By Seo Dong-cheol and Kim Tae-joon
South Korea’s National Assembly is seeking to cut the maximum weekly working hours from current 68 to 52 hours. Companies will have two to four years of grace period on criminal penalties on violating the working hour code depending on their workplace scale.
The National Assembly’s Environment and Labor Committee on Monday agreed to shorten legal working hours by 16 hours. The committee will draw up a formal outline after parties return with their inputs on Thursday.
The consensus is that working hours should be shaved to 52 hours with workplaces with 300 employees or more given a grace period of two years and those with less than 300 four years, said Rep. Ha Tae-kyung of Barun Party who chairs the committee.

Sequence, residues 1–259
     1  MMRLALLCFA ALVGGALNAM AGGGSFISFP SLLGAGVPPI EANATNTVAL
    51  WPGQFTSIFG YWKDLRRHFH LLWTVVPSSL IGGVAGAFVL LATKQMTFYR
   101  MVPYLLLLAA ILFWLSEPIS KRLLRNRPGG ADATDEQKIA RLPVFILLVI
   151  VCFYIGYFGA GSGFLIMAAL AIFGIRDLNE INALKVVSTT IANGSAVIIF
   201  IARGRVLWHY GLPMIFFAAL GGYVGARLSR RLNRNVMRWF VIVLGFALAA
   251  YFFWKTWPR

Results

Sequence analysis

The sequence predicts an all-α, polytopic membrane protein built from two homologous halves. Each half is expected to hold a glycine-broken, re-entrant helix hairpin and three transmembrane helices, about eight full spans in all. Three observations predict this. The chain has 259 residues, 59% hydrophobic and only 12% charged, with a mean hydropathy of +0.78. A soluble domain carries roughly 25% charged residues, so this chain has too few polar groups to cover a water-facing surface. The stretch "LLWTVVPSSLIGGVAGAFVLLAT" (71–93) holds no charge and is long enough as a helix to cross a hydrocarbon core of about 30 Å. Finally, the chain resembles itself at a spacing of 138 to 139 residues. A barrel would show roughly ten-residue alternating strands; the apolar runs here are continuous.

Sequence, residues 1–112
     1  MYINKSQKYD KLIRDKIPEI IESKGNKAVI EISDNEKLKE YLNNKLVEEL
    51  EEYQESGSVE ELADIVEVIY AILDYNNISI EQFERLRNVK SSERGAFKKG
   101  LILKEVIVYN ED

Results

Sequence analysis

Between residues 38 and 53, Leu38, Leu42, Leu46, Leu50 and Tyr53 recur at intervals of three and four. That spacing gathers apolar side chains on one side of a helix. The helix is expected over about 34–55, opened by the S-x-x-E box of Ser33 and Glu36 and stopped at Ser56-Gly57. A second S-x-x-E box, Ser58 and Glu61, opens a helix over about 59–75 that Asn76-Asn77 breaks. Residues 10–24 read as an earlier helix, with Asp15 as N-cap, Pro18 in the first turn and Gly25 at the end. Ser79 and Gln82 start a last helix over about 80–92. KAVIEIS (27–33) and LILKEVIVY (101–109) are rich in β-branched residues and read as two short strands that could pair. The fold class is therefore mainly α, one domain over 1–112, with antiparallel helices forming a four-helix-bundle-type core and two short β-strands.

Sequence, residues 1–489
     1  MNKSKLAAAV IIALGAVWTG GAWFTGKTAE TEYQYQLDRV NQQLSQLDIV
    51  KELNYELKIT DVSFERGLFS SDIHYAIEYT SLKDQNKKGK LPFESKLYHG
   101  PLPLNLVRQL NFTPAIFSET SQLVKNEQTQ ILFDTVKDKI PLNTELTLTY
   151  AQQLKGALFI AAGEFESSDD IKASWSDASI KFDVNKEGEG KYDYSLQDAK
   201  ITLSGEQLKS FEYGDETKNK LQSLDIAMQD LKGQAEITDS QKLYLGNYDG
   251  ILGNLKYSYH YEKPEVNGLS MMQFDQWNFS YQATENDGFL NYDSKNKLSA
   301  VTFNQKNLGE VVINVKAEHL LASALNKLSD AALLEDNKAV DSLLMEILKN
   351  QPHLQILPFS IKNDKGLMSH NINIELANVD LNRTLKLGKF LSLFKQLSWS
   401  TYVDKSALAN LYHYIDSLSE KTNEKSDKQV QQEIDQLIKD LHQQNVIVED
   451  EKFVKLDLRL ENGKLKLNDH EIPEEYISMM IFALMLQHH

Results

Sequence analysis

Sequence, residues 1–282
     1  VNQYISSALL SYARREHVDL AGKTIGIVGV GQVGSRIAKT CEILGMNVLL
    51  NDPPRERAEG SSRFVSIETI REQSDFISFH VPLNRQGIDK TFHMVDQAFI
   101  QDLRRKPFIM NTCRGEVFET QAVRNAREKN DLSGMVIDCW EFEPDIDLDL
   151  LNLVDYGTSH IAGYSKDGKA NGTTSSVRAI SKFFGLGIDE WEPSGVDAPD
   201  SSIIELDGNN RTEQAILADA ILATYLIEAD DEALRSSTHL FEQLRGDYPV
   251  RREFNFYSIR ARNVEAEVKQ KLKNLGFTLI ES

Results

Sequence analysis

The legal working hour is 40 hours with 12 hours allowed for overtime and 16 more for weekends per month.
The new work hour code would go into effect immediately, but workplaces will be saved from criminal penalties during the grace period.
The Ministry of Employment and Labor has not made any public opposition to the move, but nevertheless is concerned about the side effects as companies won’t be able to afford the spike in overtime expenditures from surcharge upon need of increased production.
The labor sector also fears a sharp drop in payroll for employees in small and mid-sized companies who rely on overtime pay to make up for their relatively small wages compared to large companies.